"What are the real effects of this rule? Forget about new coal-fired power plants being built. Thus, forget about new coal mines being opened. The effects could eventually include the closing of both existing power plants and coal mines, putting thousands of workers out of their jobs, including many right here in Illinois. Additionally, without the reasonably priced base load electricity generated by coal-fired power plants, the president and EPA want us to move toward renewable power. While wind and solar are increasing the amount of electricity they generate, they are reliant on factors that do not permit them to be considered for our base load needs.

    "Luckily, natural gas is booming -- no thanks to the president and EPA. Our efforts in Congress have been to keep the EPA out of regulating fracking. We hope the future remains bright for natural gas, but that doesn't mean we should shove coal aside.

    "What happens when cheaper and more reliable electricity generation is removed from our nation's power fleet? Higher prices and more brownouts. Is that what you want to see happen? We don't. And once they think we've forgotten about this rule, next year comes the whopper: a rule restricting carbon emissions from existing plants, which sets a dangerous path for America, resulting in an over-reliance on a single fuel source for our electricity generation. We promise to continue to fight the implementation of this rule and future anti-coal rules through legislative and funding means to ensure we have a true all-of-the-above national energy policy." -- U.S. Rep. John Shimkus represents the 15th District, sits on the House Energy and Commerce Committee, and is a co-chairman of the Coal Caucus. U.S. Rep. Rodney Davis represents the 13th District and is a member of the Coal Caucus. (Source: BND.com, 29 Sept., 2013) Contact: U.S. Rep. John Shimkus, shimkus.house.gov; U.S. Rep. Rodney Davis, rodneydavis.house.gov

    Tags Coal news,  Carbon Emissions news,  Climate Change news,  

    Eco Power Achieves 90% CO2 Capture Rates (New Prod & Tech)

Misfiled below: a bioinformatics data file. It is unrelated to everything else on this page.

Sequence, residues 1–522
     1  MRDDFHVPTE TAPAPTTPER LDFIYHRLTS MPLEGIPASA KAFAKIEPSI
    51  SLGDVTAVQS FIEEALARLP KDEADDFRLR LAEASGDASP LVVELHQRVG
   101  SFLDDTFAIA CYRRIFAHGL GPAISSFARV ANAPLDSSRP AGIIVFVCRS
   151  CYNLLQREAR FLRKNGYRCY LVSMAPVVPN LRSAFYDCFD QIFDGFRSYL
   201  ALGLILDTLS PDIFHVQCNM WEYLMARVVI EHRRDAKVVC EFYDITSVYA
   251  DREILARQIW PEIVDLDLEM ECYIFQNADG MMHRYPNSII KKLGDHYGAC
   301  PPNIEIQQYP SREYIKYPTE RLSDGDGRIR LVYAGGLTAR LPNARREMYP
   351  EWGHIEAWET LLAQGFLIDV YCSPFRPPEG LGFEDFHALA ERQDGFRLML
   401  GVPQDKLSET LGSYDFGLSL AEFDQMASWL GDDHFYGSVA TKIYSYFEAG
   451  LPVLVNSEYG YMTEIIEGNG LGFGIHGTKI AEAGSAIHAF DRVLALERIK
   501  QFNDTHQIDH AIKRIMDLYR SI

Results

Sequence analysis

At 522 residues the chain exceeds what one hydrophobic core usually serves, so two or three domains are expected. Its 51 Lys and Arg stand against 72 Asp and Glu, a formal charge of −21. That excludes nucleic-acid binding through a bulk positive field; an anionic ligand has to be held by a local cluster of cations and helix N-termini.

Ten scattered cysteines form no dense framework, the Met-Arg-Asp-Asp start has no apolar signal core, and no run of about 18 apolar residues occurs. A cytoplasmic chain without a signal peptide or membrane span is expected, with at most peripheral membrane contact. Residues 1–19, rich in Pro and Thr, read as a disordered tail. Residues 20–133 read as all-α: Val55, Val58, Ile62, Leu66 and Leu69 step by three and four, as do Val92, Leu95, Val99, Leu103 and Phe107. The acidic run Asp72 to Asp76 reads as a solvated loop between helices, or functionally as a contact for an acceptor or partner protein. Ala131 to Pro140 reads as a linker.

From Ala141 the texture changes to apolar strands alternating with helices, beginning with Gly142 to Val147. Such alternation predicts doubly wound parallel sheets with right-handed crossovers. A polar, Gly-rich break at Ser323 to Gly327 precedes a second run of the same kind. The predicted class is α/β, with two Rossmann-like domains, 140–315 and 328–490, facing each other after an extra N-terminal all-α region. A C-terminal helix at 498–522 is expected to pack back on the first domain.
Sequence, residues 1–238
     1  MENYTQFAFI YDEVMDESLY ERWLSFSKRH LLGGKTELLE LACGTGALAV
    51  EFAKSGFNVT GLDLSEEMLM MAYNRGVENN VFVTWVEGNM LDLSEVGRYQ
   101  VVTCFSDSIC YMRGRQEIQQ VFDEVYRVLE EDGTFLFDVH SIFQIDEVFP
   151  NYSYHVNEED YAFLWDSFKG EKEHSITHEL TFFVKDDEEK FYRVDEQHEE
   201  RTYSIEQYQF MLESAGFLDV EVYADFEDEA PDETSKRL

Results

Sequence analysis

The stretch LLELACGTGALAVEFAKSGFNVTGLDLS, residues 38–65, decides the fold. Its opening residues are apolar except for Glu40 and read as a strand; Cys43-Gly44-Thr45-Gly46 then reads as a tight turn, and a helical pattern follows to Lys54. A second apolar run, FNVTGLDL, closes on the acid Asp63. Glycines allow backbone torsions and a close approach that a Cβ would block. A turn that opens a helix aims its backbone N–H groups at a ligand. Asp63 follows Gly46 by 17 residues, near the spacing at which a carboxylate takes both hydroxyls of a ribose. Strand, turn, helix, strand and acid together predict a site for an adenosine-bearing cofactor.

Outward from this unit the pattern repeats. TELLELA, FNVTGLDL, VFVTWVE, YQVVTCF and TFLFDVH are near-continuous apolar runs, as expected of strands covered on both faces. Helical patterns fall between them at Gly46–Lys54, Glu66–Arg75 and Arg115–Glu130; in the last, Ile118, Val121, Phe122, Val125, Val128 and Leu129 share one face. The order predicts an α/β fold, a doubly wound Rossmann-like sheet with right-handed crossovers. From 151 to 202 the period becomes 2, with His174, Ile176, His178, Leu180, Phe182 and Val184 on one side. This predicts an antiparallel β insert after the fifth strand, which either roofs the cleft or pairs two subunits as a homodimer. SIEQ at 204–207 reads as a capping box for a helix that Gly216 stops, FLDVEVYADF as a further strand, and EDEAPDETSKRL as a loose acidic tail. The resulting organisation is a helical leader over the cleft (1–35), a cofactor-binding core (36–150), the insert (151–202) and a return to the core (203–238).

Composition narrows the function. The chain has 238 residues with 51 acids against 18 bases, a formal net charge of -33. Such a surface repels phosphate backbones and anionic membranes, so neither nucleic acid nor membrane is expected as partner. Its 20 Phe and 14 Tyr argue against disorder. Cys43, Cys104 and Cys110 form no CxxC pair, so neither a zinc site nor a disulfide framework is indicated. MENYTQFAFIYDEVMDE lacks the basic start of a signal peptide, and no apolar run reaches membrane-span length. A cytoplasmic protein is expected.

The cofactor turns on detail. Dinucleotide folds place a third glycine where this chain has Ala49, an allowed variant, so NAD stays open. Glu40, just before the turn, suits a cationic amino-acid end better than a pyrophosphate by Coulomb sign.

Eco Power Solutions
    Date: 2013-09-27
    Quincy, Mass.-based air quality control specialist Eco Power Solutions (USA) Corp. reports that capture rates of up to 90 percent are achieved with its patented CO2 capture technology -- MP-AQCS (Multi-Pollutant Air Quality Control System) Reactor Module™.

    EPS' CO2 Capture Module™ can be fitted independently of its multi-pollutant emission control technology for coal, natural gas and other fossil fuel based plants with existing AQCS equipment already installed on a given facility. The patented process is capable of capturing up to 90 percent of CO2 emissions from fossil fuel based plants. The captured CO2, which has a purity of over 90 percent, can be utilized in many CO2 based applications, including Enhanced Oil Recovery (EOR). (Source: Eco Power Solutions, Ft.Mills Times, 25 Sept., 2013) Contact: Tom Bartolomei, Pres.,CEO,(617) 328-3101, www.ecopowersolutions.com

    Tags Carbon Capture news,  CO2 news,  Enhanced Oil Recovery news,  

    EPA Releases New Carbon Emissions Limits (Reg & Leg)
    Date: 2013-09-25
    The Environmental Protection Agency (EPA) has announced sweeping new regulation that would cap the amount of carbon pollution newly built power plants would be allowed to produce.

    The new regulation requires that new large natural gas power plants would be limited to producing 1,000 pounds of CO2 per megawatt-hour, while new coal power plants would need to limit CO2 production to 1,100 pounds per megawatt-hour. The regulation would only be applicable to newly built gas and coal power plants and would make use of recently developed and largely untested carbon capture and storage technologies that dispose of carbon by burying it deep underground. As of yet there are no power plants in operation that make use of carbon capture and storage technologies, though one is currently being built in Mississippi. The EPA hopes that the new requirements will spur the adoption of these and other new carbon disposal technologies.

    The strongest voices against the new laws are those in the coal industry, who argue that increased building costs will make them even less competitive in the face of alternative energy sources like gas and wind. In a statement to USA Today, Jeffrey Holmstead, coal lobbyist and partner at Bracewell & Giuliani law said, "CCS has not been adequately demonstrated, it's not met the standard EPA has used for the last 40 years" that requires new technology also be cost-effective.